Banking, the Swedish model
Rising style of lending is built on long-term thinking – and on bearing in mind that the institution is dealing with real people's money.
While many of Europe's largest banks were accumulating "toxic" assets in recent years, a gentler, quieter banking movement was emerging here that espoused a wholly different set of investment values.Skip to next paragraph
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Institutions such as Sweden's Ekobanken aim to not only keep clients' deposits safe, but also to invest in the "social economy," by funding projects like alternative energy, affordable housing, and organic farming.
Although some of the global financial giants have stumbled, these so-called social banks are reporting surprising successes.
"It's back-to-basics banking," says Kristoffer Lüthi, vice managing director of Ekobanken. "Lending out money to people and institutions you believe can pay it back, and not believing in a too-rapid financial development, because that's not sustainable in the long run."
A brisk business for Ekobanken
Located near Stockholm in the picturesque rural town of Järna, Ekobanken opened in 1998. In stark contrast to most of the banking industry "we've never had credit losses," Mr. Lüthi notes.
Last year brought a 12.5 percent increase in customers and a 38 percent jump in bank deposits, raising Ekobanken's balance sheet to about 400 million Swedish kronor (about $50 million). Since Ekobanken started, its balance sheet has risen by between 15 - 20 percent yearly.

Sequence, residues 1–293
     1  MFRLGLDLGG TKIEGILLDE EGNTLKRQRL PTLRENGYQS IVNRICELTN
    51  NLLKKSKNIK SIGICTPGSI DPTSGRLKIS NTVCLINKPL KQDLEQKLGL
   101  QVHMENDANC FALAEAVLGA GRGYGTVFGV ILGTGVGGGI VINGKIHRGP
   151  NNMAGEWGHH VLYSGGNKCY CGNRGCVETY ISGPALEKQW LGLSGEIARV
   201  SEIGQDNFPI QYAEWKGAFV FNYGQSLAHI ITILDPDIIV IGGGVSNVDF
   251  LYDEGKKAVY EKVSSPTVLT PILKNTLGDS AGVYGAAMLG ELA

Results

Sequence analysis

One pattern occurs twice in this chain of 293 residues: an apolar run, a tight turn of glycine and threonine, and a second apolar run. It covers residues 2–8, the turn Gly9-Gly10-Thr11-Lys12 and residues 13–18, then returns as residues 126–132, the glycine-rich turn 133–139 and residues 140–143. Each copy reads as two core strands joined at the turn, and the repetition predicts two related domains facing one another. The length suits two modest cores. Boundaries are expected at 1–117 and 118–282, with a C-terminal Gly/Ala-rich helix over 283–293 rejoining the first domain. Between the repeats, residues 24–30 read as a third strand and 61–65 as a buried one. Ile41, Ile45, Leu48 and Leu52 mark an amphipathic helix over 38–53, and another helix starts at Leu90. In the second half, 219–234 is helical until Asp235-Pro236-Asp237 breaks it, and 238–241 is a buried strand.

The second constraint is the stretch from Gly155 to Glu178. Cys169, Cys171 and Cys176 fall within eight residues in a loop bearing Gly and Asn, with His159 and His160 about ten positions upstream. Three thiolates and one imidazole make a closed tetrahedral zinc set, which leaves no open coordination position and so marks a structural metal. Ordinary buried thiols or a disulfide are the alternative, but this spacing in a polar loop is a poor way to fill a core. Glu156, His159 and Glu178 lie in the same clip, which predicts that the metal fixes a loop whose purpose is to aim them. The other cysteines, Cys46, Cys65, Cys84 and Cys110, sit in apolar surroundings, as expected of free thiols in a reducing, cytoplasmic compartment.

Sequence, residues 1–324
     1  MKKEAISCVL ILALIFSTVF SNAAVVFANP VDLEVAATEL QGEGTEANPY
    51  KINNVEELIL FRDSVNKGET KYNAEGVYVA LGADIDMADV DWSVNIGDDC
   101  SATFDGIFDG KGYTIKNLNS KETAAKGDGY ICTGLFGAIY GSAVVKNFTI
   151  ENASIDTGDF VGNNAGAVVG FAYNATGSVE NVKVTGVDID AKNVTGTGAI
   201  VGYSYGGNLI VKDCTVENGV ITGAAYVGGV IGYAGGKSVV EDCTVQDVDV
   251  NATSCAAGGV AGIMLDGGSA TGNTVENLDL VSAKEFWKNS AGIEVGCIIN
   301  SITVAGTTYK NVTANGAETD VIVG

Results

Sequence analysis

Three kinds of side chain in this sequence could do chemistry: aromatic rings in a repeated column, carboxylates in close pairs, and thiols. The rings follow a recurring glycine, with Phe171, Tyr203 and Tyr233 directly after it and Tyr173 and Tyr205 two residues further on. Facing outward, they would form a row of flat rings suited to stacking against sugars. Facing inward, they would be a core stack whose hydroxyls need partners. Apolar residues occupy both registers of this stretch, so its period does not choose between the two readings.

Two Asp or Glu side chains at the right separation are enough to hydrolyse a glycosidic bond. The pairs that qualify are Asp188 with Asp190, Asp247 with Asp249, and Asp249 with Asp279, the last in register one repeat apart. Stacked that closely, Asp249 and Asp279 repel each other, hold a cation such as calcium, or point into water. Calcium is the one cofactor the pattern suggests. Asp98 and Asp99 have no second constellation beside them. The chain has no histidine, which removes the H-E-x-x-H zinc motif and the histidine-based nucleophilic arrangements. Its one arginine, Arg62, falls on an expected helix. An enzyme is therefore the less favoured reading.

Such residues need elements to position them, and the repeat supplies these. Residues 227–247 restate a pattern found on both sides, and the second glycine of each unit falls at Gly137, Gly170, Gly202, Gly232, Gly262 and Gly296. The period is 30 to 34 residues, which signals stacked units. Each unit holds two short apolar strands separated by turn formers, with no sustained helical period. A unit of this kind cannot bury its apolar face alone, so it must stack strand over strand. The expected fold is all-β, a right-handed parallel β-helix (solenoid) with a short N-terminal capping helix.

Ulla Herlitz, chairwoman of Ekobanken's board, says, "We are working with the real economy and not the financial economy." When asked to define the term, "financial economy," Ms. Herlitz replies, "selling paper."
A May 2008 article in MoneyWeek warned that the world market in derivatives had grown to $596 trillion, noting that this was only "the nominal value of all the underlying assets against which bets have been placed."
Such numbers frustrate the leaders of Ekobanken, who believe many banks have effectively gambled away clients' funds.
"A very simple thing in banking is to know that you're dealing with other people's money," Lüthi says.
Lüthi feels their role should be more than just good-sense banking. It should be "about changing the minds of people, changing the consciousness around money, and also being a voice in society that shows it is possible to make things different," he says.
Operating an interest-free savings-and-loan program for its members since 1970, Sweden's JAK cooperative officially became a bank in 1997. Today, it has roughly $116 million in deposits from its 36,000-plus members. JAK's 2008 credit-loss rates have been less than half those of regional megabanks SEB and Swedbank.
"We think it's important to invest in member education instead of marketing," explains Ann-Mari Svensson, general secretary of the cooperative. "The bank holds seminars where interested members can learn more about the bank and finance at the bank's expense."
JAK's coordinator of international relations, Miguel Gonzo, says his bank is not trying to make a political statement. "Maybe, by what we practice, we're positively changing the society somehow. And if changing the society is political, we're political in this way."
A return to banking's past?
Although JAK and Ekobanken are relatively young, their emphasis on local investment has deep roots. About 150 years ago, small savings banks sprouted throughout Sweden's countryside, a result of financial resources being concentrated in cities. These banks transformed local money into local well-being.